Einstein then went on to produce his "General Theory of Relativity", which was intended to at last be a fully compliant Machian theory, and to begin with, descriptions of "General Relativity", or "GR" did assume that the theory was a fully successful implementation of the general principle of relativity (see e.g. the content of Einstein's 1921 Princeton lectures, reprinted in "The Meaning of Relativity"). In later years this claimed compliance had to be downgraded somewhat, the theory had allegedly been found to allow rotating-universe solutions, and the fact that Einstein had designed it to reduce to SR meant that certain non-Machian assumptions built into SR were inherited, at least in part, by the general theory. A paper by the Harwell research group described an experiment where they had successfully measured time dilation in centrifuged material, and the paper set the cat amongst the pigeons by mentioning that the same basic result could be predicted either by applying the principle of equivalence and calculating the effect as gravitational time dilation, or by applying special relativity and calculating the effect as the result of velocity-based time-dilation. Unfortunately, although both calcualtions were adequate to explain the result, they were found to be geometrically incompatible, so at least one had to be wrong, and since invalidating SR would also invalidate the current version of the general theory, it was decided that the least worst option was to retain SR and restrict the accepted domain of validity of the equivalence principle only to situations where it did not conflict with accepted SR work. Where Einstein had originally said that acceleration and gravitational effects were wholly equivalent and interchangeable, later writers preferred to say that this had only been an approximate relationship rather than a law, that Einstein hadn't meant it literally, and that of course, one could in practice distinguish between acceleration and gravity.

Towards the end of his life, writing in Scientific American (April 1950), Einstein wrote that he no longer believed that it was correct to use the special theory as a foundation or building block for more advanced gravitational theory. A fully general theory, he said, ought in his opinion to be designed to conform to the general principle from the ground up without these sorts of compromises. Unfortunately he died without being able to produce a third, all-encompassing theory of relativity, and to this day, the true status of Mach's Principle (or, the idea that the general principle of relativity should be truly general) still generates controversy.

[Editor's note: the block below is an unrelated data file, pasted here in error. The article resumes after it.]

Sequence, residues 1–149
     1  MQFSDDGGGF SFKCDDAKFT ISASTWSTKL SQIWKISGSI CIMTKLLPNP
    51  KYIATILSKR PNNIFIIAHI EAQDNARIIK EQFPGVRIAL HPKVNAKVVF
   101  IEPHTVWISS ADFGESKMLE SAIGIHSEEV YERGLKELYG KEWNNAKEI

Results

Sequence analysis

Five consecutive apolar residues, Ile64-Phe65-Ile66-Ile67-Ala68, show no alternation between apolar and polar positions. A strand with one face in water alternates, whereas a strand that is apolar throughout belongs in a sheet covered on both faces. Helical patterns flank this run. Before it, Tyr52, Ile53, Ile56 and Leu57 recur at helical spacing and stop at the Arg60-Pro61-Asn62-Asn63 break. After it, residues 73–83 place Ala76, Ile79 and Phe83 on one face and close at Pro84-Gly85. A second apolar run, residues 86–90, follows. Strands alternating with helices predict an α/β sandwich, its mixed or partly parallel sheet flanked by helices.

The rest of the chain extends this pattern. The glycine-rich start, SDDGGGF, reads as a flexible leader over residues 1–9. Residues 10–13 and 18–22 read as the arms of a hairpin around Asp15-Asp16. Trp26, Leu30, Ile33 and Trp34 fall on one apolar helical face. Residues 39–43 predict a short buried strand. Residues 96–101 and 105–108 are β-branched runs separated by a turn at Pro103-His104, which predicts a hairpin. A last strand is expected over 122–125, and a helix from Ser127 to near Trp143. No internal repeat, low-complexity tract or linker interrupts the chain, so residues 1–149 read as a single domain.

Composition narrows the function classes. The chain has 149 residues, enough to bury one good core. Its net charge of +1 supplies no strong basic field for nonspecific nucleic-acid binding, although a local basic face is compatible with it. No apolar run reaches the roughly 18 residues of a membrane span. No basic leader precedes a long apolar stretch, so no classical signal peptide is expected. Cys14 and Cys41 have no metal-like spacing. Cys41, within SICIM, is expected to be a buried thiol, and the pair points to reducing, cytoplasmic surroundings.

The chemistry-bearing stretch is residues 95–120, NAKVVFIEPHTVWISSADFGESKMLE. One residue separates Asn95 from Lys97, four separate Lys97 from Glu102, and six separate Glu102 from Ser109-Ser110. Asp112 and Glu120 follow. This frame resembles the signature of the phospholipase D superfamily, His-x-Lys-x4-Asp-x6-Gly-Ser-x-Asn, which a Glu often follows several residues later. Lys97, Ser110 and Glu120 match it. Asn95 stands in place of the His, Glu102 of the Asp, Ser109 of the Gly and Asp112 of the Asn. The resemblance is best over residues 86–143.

--ErkDemon 03:21, 24 Jun 2005 (UTC)

Pinciple of relativity: range of applicability (2)[edit]

A physicist has no choice but to follow where the evidence leads him. We are faced with several layers of counterintuitiveness.

We have that there is, as far as we can tell from measurements, unconditional relativity of position in space. We have unconditional relativity of the first derivative of place: relativity of inertial motion in space. We do not have relativity of the second derivative of position in space: acceleration is locally detectable; it is possible to measure acceleration with respect to local space. (Generally speaking, all motion is motion in space-time, of course)

I should explain why I use the distinction between global measurement and local measurement.
An observer in a space-craft, moving inertially in space, can take measurement readings of the Cosmic Microwave Background Radiation, and thus he can infer his own velocity with respect to CMB. But that measurement is looking at someting that originated a very long time ago, very far away. If you apply the restriction that you are not allowed to look very far, then the finding is that what is detectable is relative velocity. It appears to an observer that only relative velocity can be used in any theory of physics.

Remarkably, acceleration with respect to the local inertial frame of reference is detectable, any accelerometer will tell you how hard you are accelerating with respect to the local inertial frame of reference. (I follow the convention of defining an 'inertial frame of reference' as follows: a coordinate system that is co-moving with a free-falling test mass.)

The relativistic theory of gravitation describes that space-time is not a fixed background. As John Wheeler put it ultra-condensed: "Matter/energy is telling space-time how to curve, space-time curvature is telling matter how to move."

Gravitational curvature of space-time meant that physicists had to retreat from the position of special relativity. The Minkowski space-time of special relativity is quite different from newtonian absolute space, of course, but a form of absoluteness is still present: any inertial frame of reference extends to infinity. Minkowski space-time is not a Euclidian space, but it shares with Euclidian space that it is a geometrically straight space.
Gravitationally curved space-time has the property that inertial frames of reference at different locations can (depending on the circumstances) be accelerating with respect to each other.

So in our solar system we are surrounded with examples of local inertial frames of reference that are accelerating with respect to each other. The Earth, in its orbit around the Sun, is following a geodesic, so the frame of reference that is co-moving with the center of mass of the Earth is a local inertial frame of reference. A satellite, say a space station, orbits its own primary, the space station is orbiting Earth. Etc. etc.

Interestingly, there are very few examples of local inertial frames that are rotating with respect to each other. General relativity does predict the phenomenon of frame dragging but it is an exceedingly small effect, only significant in the vicinity of very very heavy, very rapidly spinning celestial bodies, such is rapidly spinning neutron starts.